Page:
Heres a photo of the serial dilutions we set up for next weeks lab.
2/2/2016 Purpose: To discover the amount of bacteria in our hay infusion and how to morphological categorize these bacterium. Also, to test the antibiotic resistance in these bacterium and to use PCR and DNA sequencing and confirm our bacterial findings.
Materials and Methods: Count the number of bacteria that grew on the eight agar plates. Record findings in table 1.Collect four samples, two from the nutreint agar plates and two from the nutrient agar plates with tet. Make a wet mount and study the slides under the microscope. After categorizing the bacteria, proceed to gram staining them. After gram staining them, look at them under the microsope again. Record results in table 2. Finally, set up PCR 16s amplification.
Data and Conclusions:
Upon observing our Hay Infusion after another week had passed, we noticed there was less water in it. This was most likely due to evaporation. Another observation was that the smell was actually better. This was surprising as I would have expected it to smell worse. However, maybe it smelled better because something that had died finally had aired out in the open jar. There was also more scum and the water was dirtier, this could be due to the dirt that was inside breaking down. Archaea species will not have grown on the plates because it is not an extreme conditions. Archaea usually grow in hot springs or salt late, not agar plates. According to our results, it seems that the agar plates without tetracycline experienced far more bacterial growth than the plates with tetracycline. this could mean that tetracycline is an efficient antibiotic that inhibits bacteria growth. However, there was one bacteria on the 10^-3 tet + that had bacterial growth. This could mean that that bacteria was resistant to the antibiotic. During this part of the lab, we ran into some difficulty. We could not identify bacteria species on the microscope with the help of the TA and UTA. It was very hard to characterize the bacteria we did find. It was even harder to accomplish the gram staining. Only a few bacteria slides were successfully gram stained. On the table, one colony could not be successfully gram stained. Because of our struggles, we could not get entirely accurate results.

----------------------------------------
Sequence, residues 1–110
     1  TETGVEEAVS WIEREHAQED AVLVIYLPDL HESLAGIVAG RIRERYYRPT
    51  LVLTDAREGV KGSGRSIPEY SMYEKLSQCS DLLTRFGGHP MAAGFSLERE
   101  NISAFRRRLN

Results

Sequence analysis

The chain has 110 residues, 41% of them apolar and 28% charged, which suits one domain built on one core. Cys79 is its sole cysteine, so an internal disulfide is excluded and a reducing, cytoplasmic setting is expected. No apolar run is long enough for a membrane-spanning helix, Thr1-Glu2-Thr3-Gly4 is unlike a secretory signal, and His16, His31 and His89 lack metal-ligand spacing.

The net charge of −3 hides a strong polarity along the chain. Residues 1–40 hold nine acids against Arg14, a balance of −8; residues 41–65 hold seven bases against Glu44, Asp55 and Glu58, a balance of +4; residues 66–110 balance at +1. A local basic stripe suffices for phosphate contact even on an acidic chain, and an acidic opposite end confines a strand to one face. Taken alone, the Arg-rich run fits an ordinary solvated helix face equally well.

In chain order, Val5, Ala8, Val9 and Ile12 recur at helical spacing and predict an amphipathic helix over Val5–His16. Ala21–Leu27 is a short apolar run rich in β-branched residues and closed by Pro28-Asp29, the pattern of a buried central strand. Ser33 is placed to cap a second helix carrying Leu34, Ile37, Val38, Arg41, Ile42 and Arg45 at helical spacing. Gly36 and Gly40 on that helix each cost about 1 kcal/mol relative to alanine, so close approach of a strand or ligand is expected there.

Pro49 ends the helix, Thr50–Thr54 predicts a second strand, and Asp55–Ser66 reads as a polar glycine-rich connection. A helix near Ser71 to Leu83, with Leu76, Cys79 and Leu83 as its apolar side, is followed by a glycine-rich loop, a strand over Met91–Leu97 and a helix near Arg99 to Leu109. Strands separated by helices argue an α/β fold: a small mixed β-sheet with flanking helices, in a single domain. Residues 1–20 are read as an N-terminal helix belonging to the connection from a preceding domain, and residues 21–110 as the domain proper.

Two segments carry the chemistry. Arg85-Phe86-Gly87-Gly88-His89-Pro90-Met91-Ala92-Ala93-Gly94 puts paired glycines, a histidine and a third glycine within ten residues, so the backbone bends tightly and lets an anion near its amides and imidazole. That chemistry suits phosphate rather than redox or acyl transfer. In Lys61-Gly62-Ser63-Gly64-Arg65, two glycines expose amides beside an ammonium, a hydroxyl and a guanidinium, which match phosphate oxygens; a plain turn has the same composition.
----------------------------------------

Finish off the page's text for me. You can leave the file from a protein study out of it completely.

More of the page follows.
Because we had such difficulty finding the bacteria, we didn't have a lot of time to draw the bacteria under the microscope. Here are four pictures that show the bacteria we did find under the microscope.
2/9/2016 Purpose: The purpose was to discover the unique characteristics that plants evolved throughout evolution. Another part of this lab was to identify these parts and how angiosperms and bryophytes are different. the reproductive parts were also to be identified. Finally, fungi had to be tested and figured out how they are different from plants.
Materials and Methods: The first step of this lab week was to go out into our transects and bring back a leaf litter and five plant samples. The leaf litter was to be used to set up a Berlese funnel for collecting invertebrates and the plants were to be studied and identified. The next step was to look at prepared slides under a microscope. The prepared slides were of moss. The xylem and phloem were to be identified as was the height of the plant and any interesting characteristics. After this, we were to look at the five plants we collected from our transect under a microscope. The location, a description, vascularization, specialized structures, and means of reproduction were all to be identified and recorded. After this, we were to observe fungi and to locate the rhizoids. Finally, the Berlese funnel was to be constructed. This was done by taping a funnel with a screen to 25 mL of 50:50 ethanol/water. Leaves were thrown in and the funnel was placed under a 40 watt bulb.